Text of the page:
- UK's 'development for profit' private equity arm set to grab £6 billion of aid funds
- China must take responsibility for its citizens' wildlife crimes in Africa
- EPA's systemic bias in hearings over glyphosate and cancer
- The 'Genetics' letter, the Euratom suicide clause, and the death of the nuclear industry
Fossil fuel divestment campaign for Europe
26 October 2013
"Fossil fuel backed stocks and bonds - which are based on long term revenues from fossil energy production - should be downgraded to junk status."
"If it's wrong to wreck the planet, then it's also wrong to profit from that wreckage"
The Fossil Free Europe Tour kicks off in Berlin today, launching a new fossil fuel divestment campaign in Europe. Participants include 350.org founder Bill McKibben, partner organizations and other climate leaders. They reach London on 1 November, passing through Amsterdam, Edinburgh and Birmingham.
"If it's wrong to wreck the planet, then it's also wrong to profit from that wreckage", says McKibben. "But there is also an increasingly strong financial case to be made for divestment: the risk of a growing carbon bubble in financial markets. To keep global warming under 2C - a goal that even the most conservative governments have agreed to meet - we can only emit roughly 500 gigatons more carbon dioxide into the atmosphere. However the coal, oil and gas reserves owned by private and public companies and governments contain 2,795 billion tons of CO2."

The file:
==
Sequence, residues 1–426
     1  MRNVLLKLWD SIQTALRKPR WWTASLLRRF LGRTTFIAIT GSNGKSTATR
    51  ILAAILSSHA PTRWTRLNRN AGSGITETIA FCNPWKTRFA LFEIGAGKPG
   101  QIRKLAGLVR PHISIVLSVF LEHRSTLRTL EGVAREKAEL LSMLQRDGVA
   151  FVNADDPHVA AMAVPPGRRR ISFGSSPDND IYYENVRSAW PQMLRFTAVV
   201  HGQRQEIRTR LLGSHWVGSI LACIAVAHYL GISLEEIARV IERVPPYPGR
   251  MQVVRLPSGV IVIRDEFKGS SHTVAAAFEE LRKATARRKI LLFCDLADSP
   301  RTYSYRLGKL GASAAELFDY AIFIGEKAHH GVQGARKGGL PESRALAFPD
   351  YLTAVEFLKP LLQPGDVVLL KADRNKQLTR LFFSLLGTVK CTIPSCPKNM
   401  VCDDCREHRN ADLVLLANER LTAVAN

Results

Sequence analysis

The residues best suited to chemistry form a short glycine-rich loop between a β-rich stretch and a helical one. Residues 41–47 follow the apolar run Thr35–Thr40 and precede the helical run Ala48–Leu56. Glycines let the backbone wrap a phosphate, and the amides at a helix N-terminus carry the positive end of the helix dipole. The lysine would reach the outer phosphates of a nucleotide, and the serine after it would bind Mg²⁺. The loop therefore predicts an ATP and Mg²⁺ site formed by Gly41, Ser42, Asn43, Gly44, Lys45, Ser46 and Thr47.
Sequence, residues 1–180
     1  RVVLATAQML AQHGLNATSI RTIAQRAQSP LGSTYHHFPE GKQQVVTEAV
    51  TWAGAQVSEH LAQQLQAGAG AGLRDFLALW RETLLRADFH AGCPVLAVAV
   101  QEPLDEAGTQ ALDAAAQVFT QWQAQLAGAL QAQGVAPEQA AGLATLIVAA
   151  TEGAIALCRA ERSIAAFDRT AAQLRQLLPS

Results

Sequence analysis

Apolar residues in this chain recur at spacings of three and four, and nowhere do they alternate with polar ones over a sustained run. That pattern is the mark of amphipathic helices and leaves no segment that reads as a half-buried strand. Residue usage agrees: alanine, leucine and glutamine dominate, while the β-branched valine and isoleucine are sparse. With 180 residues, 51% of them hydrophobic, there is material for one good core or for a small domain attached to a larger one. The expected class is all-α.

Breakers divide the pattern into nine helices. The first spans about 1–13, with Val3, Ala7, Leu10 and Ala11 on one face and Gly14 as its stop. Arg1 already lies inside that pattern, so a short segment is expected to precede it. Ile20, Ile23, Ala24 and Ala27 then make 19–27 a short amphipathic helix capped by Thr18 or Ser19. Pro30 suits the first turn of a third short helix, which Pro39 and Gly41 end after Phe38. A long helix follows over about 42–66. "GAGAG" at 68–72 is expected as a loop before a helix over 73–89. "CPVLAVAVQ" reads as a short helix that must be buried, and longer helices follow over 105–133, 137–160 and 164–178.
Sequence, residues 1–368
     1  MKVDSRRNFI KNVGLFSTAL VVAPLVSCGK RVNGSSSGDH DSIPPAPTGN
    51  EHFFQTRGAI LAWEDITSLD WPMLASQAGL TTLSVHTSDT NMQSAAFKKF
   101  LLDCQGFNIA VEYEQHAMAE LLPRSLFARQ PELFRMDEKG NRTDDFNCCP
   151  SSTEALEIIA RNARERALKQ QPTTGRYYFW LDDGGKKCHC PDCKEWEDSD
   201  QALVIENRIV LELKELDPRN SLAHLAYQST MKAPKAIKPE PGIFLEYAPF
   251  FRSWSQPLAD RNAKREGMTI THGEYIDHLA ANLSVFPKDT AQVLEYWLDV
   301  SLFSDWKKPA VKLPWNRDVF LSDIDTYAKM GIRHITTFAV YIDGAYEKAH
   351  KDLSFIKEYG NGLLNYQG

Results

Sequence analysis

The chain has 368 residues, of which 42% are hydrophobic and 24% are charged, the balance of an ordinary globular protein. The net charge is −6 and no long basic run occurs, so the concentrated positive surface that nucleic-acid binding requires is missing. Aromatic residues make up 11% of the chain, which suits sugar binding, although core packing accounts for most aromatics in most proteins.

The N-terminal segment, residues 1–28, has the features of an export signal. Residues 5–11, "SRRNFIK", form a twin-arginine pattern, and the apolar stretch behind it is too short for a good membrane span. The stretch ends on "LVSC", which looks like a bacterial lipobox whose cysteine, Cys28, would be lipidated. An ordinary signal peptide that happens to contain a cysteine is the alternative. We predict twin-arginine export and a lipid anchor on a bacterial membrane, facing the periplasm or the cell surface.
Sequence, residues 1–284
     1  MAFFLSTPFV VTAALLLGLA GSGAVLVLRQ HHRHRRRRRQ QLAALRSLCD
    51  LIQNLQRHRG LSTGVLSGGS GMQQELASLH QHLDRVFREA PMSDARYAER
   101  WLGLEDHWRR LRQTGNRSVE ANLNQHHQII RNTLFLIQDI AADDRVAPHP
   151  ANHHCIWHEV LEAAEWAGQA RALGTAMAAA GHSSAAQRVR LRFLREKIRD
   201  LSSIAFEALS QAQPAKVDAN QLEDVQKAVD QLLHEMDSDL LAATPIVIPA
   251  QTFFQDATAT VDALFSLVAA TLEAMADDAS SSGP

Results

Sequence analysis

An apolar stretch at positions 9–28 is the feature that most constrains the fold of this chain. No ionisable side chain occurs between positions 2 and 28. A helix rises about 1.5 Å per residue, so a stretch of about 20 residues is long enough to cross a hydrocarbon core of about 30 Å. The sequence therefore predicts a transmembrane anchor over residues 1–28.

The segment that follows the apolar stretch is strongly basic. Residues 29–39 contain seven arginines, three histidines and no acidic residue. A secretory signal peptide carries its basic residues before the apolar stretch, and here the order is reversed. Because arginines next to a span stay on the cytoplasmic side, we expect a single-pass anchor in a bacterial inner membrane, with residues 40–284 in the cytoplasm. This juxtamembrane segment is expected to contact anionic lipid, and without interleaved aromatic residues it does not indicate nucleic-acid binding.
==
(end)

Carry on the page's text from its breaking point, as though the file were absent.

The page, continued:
He cites the work of the Carbon Tracker Initiative, which keeps tabs on fossil fuel reserves and exploration expenditures. Their calculations indicate that the great bulk of existing reserves must remain underground to avoid climate catastrophe. This means that the billions of dollars currently being invested in exploration are either wasted, or will destroy Earth's still equable climate. Moreover fossil fuel backed stocks and bonds - which are based on long term revenues from fossil energy production - should be downgraded to junk status.
"The top 200 coal, oil and gas companies by size of reserves spent almost $700 billion in the last 12 months on finding and developing more reserves", says McKibben. "This makes the fossil fuel industry a rogue industry whose business plan is incompatible with a livable planet. Hence the need for a divestment campaign to challenge the political power of the industry and push governments to pass stronger regulations, like a stiff price on carbon, to address the climate crisis."
Modelled on the successful 1980s campaign to divest from apartheid South Africa, the fossil fuel divestment campaign has already spread to more than 370 universities, 100 cities and states, and dozens of religious institutions have joined the campaign.
More information on the Fossil Free Europe Tour.
Using this website means you agree to us using simple cookies.